In the Garden > Gardening Tips, Books, Techniques and Tools
Topiaries are plants that have been trimmed into interesting shapes, such as cones, animals or balls on sticks (standards). Growing them is a lot of fun and they look great in the garden. However they do need regular and careful pruning, and many people are not sure what to do. Don demonstrated the necessary pruning techniques using a cone-shaped lilly pilly (Syzygium australe 'Elite') that was looking a bit scruffy.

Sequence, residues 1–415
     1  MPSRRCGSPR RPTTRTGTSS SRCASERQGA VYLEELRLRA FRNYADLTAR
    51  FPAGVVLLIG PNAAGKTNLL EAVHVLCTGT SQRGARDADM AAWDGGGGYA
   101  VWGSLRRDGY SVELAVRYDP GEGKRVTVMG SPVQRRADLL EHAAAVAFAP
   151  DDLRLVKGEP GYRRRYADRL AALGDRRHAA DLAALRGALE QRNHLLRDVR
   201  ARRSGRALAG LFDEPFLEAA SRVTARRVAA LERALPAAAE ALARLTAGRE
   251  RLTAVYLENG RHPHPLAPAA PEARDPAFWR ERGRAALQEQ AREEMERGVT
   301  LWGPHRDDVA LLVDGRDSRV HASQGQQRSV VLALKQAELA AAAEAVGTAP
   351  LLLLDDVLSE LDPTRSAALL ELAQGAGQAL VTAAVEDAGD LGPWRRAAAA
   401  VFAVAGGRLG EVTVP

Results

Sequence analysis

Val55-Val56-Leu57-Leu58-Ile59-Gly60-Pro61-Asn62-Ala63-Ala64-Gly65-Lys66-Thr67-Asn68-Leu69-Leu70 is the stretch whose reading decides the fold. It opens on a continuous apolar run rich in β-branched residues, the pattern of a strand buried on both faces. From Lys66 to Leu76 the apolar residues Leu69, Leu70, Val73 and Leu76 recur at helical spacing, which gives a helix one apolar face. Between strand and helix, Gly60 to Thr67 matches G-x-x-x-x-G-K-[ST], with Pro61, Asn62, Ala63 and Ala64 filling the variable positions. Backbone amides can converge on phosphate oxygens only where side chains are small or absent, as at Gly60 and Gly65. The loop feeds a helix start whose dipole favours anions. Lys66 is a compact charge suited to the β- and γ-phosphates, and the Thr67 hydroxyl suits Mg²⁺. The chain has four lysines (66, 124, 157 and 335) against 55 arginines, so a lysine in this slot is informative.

Use sharp secateurs, shears (wavy edge shears are good on small foliage) or electric trimmers. Trim the new growth back to within a few centimetres of its origin. Do this by finding the line of the previous trimming (a line of darker foliage) and using it as your guide. Use a string line as a guide when pruning hedges. Stand back at regular intervals to review your progress - remember it is better to cut off too little than too much. Follow the branch you intend to cut from base to tip, to make sure it won't leave a hole when removed. Gaps can be covered by regular pinching, tip pruning or by training new growth across the hole (use soft plant ties to encourage growth where you want it.) Hedges, standards and topiaries need ongoing pruning to maintain their shape. Prune when the new growth reaches about 75mm (3"). Some hedges need one or two trims per year, others need pruning once a month to every six weeks in the warmer months. If you have a flowering hedge or topiary, prune when it has finished flowering. When trimming, remove spent flower heads. Fertilise with a mixture of 50% Nitrosol and 50% Seasol (diluted as per the instructions on the container) to encourage new growth.
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